« The Introduction of Chlorpromazine in Belgium and the Netherlands (1951-1968); Tango Between Old and New Treatment Features. » in: Studies in History and Philosophy of Science Part C: Studies in History and Philosophy of Biological and Biomedical Sciences, 44 (4), December 2011, p. 443–452.
Pieters T, Majerus B.
Descartes Centre for the History and Philosophy of the Sciences and the Humanities/Department of Pharmaceutical Sciences, University of Utrecht, The Netherlands. email@example.com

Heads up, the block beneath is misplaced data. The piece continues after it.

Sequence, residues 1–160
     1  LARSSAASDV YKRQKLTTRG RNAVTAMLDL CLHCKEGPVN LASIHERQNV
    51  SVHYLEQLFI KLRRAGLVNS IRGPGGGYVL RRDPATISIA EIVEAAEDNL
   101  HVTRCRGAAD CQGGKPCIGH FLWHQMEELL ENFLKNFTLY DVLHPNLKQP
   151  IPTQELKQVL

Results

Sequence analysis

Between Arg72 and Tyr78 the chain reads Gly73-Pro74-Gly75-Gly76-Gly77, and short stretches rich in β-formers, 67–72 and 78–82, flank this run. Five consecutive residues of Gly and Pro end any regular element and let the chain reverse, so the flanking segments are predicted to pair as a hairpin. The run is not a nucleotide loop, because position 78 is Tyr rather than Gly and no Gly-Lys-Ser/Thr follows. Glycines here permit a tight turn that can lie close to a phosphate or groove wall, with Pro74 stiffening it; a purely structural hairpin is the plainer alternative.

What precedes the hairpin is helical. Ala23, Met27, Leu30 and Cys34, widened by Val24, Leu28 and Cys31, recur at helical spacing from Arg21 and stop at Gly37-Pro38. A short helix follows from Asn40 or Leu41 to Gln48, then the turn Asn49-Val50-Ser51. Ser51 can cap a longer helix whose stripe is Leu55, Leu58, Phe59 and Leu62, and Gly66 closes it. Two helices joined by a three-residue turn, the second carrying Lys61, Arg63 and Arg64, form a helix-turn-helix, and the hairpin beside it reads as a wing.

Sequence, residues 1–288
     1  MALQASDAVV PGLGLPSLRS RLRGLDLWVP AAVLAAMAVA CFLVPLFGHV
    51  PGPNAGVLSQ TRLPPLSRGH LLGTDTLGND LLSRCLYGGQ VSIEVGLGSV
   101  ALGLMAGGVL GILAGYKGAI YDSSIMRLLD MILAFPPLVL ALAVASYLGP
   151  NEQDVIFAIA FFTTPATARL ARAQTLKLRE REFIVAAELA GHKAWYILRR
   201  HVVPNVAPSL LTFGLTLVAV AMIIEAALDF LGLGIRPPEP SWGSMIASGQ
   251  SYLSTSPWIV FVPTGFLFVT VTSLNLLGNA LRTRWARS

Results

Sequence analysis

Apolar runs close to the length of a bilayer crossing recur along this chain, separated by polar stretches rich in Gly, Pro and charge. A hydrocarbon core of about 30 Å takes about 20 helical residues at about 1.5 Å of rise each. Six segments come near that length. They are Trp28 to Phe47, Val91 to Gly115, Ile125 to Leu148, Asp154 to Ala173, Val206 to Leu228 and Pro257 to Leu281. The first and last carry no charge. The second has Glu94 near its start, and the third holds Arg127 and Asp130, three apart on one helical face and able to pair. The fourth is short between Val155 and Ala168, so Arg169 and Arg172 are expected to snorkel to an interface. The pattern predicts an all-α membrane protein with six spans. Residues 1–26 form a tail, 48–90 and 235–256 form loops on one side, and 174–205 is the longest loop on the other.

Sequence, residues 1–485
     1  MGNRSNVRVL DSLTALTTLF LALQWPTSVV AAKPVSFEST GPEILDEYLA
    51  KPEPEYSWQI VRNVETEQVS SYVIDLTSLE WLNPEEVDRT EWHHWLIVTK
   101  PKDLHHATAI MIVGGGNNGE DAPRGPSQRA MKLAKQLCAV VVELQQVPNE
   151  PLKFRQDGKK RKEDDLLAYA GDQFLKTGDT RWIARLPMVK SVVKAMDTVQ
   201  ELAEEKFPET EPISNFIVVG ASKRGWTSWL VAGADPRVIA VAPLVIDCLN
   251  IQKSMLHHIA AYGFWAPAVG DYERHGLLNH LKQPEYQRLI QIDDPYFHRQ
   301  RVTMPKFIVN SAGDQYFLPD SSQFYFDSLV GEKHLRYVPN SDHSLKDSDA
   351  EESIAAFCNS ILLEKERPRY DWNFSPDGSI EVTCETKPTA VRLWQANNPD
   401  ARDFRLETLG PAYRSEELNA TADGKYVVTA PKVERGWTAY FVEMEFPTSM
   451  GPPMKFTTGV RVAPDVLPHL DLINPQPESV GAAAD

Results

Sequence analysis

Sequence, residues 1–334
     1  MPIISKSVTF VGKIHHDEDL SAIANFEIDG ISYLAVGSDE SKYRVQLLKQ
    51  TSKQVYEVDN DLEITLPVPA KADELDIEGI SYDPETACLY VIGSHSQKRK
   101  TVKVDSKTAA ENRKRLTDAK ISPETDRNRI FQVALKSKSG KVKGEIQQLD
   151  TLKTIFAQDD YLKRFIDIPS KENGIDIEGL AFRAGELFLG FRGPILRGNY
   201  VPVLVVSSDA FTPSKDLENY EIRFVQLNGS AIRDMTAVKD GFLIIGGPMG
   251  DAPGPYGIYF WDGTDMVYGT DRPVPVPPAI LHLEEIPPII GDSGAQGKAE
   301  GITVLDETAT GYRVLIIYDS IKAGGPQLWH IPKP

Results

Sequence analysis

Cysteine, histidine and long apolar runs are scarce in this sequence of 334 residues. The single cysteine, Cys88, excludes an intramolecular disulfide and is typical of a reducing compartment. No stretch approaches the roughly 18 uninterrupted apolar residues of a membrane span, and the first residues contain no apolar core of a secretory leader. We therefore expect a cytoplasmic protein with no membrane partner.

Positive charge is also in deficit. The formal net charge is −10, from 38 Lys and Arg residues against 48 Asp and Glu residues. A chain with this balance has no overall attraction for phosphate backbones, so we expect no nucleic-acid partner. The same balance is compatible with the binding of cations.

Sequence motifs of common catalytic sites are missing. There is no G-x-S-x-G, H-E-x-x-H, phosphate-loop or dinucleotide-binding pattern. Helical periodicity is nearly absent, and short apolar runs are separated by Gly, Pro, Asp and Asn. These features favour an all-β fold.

The introduction of chlorpromazine in Belgium and the Netherlands demonstrates an intriguing tango between old and new treatments. Chlorpromazine, marketed by the French company Rhône Poulenc entered psychiatry as an adjunct to existing therapies. Instead of promoting chlorpromazine as a revolutionary therapy, we see early efforts to market Largactil as a supplement to the armoury of psychiatric treatments. These marketing efforts matched the idiosyncrasies of national and local styles and cultures. Despite continuities with earlier therapeutic developments, we support the notion of a therapeutic revolution. In the early sixties supply and demand provoked a turn towards more standardized therapeutic regimes.
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